However, it isn’t always the case. Ancient Rome had a very limited form of democracy where only Roman citizens could vote, and the weight of your vote depended on what class you were in.
In early America, only free property-owning men could vote.
This same sort of voting scenario played out in almost every republic, while even though there wasn’t a monarch, it didn’t mean that suffrage was universal.
There are also some countries that are republics in name only. The People’s Democratic Republic of Korea has never had a free election and the leadership of the country has been passed down from father to son for three generations, just like a monarchy.
Many modern monarchies are known as constitutional monarchies, or sometimes known as crown republics. They behave as republics for all practical purposes, except that they still have a monarch, in whose name everything is done.
The biggest difference between a traditional monarchy and an absolute monarchy is if the people can choose to get rid of the institution of the monarchy.
There was a referendum in Australia in 1999 on if the country should become a republic. Barbados just elected its first president and will become a republic in November of 2021.
Many times when a country becomes a republic, they will keep their parliament where the Prime Minister is the head of the government, but they will replace the monarch with an elected President.
In countries like Ireland, the President is a mostly ceremonial position with some reserved powers such as the power to pardon and the power to appoint judges. This is known as a weak presidential system.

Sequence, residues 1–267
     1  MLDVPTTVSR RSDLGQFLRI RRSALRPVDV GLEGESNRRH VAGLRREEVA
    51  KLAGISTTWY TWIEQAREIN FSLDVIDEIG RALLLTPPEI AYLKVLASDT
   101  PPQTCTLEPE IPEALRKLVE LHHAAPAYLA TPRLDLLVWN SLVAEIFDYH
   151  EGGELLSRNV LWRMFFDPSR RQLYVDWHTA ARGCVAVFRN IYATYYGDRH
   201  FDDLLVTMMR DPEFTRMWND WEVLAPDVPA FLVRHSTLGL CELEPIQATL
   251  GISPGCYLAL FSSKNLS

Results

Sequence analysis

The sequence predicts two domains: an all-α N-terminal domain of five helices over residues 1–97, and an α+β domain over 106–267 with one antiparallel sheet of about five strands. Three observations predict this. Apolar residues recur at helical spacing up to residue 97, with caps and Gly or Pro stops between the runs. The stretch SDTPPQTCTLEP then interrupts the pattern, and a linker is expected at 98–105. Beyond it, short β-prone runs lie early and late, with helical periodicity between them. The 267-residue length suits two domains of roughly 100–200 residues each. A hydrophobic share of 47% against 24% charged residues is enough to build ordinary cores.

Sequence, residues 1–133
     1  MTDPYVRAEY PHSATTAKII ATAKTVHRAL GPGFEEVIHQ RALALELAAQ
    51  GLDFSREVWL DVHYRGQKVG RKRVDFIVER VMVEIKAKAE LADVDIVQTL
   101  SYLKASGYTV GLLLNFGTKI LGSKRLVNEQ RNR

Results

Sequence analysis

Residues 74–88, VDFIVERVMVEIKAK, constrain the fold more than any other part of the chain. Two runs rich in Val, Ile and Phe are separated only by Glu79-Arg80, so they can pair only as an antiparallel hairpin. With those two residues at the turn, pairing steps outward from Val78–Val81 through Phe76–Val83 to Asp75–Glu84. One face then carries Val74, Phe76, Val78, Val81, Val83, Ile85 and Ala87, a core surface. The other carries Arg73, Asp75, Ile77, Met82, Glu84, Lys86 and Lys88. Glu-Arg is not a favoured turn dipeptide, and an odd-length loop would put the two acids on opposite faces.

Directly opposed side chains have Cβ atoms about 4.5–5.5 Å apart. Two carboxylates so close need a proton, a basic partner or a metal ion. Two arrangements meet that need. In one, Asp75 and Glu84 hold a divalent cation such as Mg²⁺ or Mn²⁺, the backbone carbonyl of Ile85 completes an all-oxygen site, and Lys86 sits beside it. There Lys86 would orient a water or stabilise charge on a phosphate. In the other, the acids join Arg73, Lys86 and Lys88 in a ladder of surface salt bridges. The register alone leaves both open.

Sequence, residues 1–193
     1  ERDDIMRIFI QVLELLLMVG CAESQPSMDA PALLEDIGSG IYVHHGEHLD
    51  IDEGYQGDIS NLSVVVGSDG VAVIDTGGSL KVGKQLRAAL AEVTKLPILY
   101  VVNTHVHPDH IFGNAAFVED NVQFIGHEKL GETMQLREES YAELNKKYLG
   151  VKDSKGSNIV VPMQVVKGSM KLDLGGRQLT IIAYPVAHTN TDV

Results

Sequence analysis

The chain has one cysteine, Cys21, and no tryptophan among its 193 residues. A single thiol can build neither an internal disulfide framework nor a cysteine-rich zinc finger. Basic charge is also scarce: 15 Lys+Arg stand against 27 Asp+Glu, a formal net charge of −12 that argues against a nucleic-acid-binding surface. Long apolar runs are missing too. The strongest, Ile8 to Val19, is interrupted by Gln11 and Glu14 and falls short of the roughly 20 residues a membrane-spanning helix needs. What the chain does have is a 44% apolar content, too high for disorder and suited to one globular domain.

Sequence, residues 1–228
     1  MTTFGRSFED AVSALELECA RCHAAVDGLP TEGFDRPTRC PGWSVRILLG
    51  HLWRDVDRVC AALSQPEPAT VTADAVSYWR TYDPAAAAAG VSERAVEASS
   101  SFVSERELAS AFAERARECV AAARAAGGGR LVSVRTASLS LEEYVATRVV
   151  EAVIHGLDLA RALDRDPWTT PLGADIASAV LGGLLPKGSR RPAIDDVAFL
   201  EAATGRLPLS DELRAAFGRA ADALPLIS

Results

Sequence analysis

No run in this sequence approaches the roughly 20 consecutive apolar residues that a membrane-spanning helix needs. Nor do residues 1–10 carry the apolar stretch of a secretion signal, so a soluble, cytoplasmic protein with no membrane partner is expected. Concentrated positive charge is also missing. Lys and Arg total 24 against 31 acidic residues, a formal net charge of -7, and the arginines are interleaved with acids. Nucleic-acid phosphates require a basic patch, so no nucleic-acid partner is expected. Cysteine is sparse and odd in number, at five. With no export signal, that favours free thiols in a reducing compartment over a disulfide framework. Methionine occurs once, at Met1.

In countries like the United States, the President is both the head of state and the head of government. This is known as a strong presidential system.
Subnational units of government can also be republics. California has the “Republic of California” on its flag. The US constitution in article IV “guarantee[s] to every State in this Union a Republican form of Government”.
That means there is actually quite a bit of leeway in how a state could run its affairs. In theory, there is no reason why an American state couldn’t have a parliament and instead of a governor have a premier. They just can’t have a monarch.
So, in today’s world, the idea of a republic isn’t that big of a deal when most countries are republics or constitutional monarchies. The functional role of a monarch in a country like Canada is very minor.
However, several thousand or even several hundred years ago it was a very big deal. One of the reasons why the Founding Fathers of the United States were obsessed with the idea of a republic is because at that point almost all of them had eventually failed.
Perhaps that is why, at the conclusions of the Constitutional Convention in 1787, when Benjamin Franklin left Independence Hall he was asked by someone in the crowd if we have a monarchy or a republic.
“A republic” he replied, “if you can keep it”.